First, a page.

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Figure S1 High throughput quantification of VNR fluorescence using a plate reader as a measure of osteoclast formation. Human osteoclasts derived from highly enriched M-CSF-dependent mononuclear cells were cultured in the presence of M-CSF, M-CSF and RANKL or M-CSF, RANKL and 10 ng·mL−1 TGFβ for 7 days. Cells were fixed and stained for the vitronectin receptor and immunofluorescence intensity measured as an indication of osteoclast number (A). Results are expressed as a percentage of M-CSF and RANKL treated cells – mean ± SEM; n = 4–8 experiments – 5 replicates each. ***P < 0.001; Student&apos;s t-test. (B) Comparison of osteoclast number determined by counting versus plate reader VNR fluorescence. (C) Representative images of osteoclasts formed in the presence of M-CSF alone, M-CSF and RANKL or M-CSF, RANKL and TGFβ are shown with vitronectin receptor in (green) and nuclei (blue).

Figure S2 Anandamide, 2-AG and CP 55 940 do not have a toxic effect on osteoclast precursors. M-CSF-dependent human PBMCs were cultured in the presence of RANKL and treated with anandamide (A), 2-AG (B) or CP 55 940 (C) for 7 days, after which an AlamarBlue (Invitrogen) assay was performed to assess the number of viable cells. Results are expressed as mean ± SEM (mean of 4–7 experiments with 5 replicates per experiment).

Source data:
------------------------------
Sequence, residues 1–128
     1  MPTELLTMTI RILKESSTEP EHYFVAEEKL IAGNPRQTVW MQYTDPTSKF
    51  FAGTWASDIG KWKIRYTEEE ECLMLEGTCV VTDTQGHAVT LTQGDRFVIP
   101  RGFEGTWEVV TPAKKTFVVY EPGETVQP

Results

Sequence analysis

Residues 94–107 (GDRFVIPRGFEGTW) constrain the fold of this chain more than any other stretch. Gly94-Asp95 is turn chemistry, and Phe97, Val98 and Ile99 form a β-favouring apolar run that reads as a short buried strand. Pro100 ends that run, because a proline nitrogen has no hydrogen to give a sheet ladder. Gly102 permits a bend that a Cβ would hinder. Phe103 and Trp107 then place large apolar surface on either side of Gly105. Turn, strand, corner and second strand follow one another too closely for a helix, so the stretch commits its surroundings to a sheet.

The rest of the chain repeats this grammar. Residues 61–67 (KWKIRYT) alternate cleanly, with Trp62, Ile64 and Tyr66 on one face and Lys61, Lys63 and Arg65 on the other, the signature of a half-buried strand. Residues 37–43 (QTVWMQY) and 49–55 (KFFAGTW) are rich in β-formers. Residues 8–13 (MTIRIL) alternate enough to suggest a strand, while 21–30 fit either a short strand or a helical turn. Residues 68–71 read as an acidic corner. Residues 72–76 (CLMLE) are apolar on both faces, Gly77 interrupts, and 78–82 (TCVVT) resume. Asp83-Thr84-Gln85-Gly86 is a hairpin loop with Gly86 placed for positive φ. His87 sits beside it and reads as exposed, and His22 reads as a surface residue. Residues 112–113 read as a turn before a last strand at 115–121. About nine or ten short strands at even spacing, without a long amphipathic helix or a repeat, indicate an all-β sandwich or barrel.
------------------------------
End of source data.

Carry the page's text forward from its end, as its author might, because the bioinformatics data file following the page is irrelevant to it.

Figure S3 Cannabinoid receptor antagonist AM251 increases human osteoclast formation. Human osteoclasts derived from highly enriched M-CSF-dependent mononuclear cells were cultured in the presence of vh (control), 10 ng·mL−1 TGFβ (positive control) or cannabinoid receptor antagonists SR141716A (141), SR144528 (144), AM251 and AM630 for 7 days and then fixed and stained for VNR. Immunofluorescence intensity was measured and expressed relative to control cultures as an indication of osteoclast number. Mean ± SEM; n = 4 experiments – 5 replicates each. **P < 0.01, ***P < 0.001 compared with control – one way ANOVA with Bonferroni post-test.

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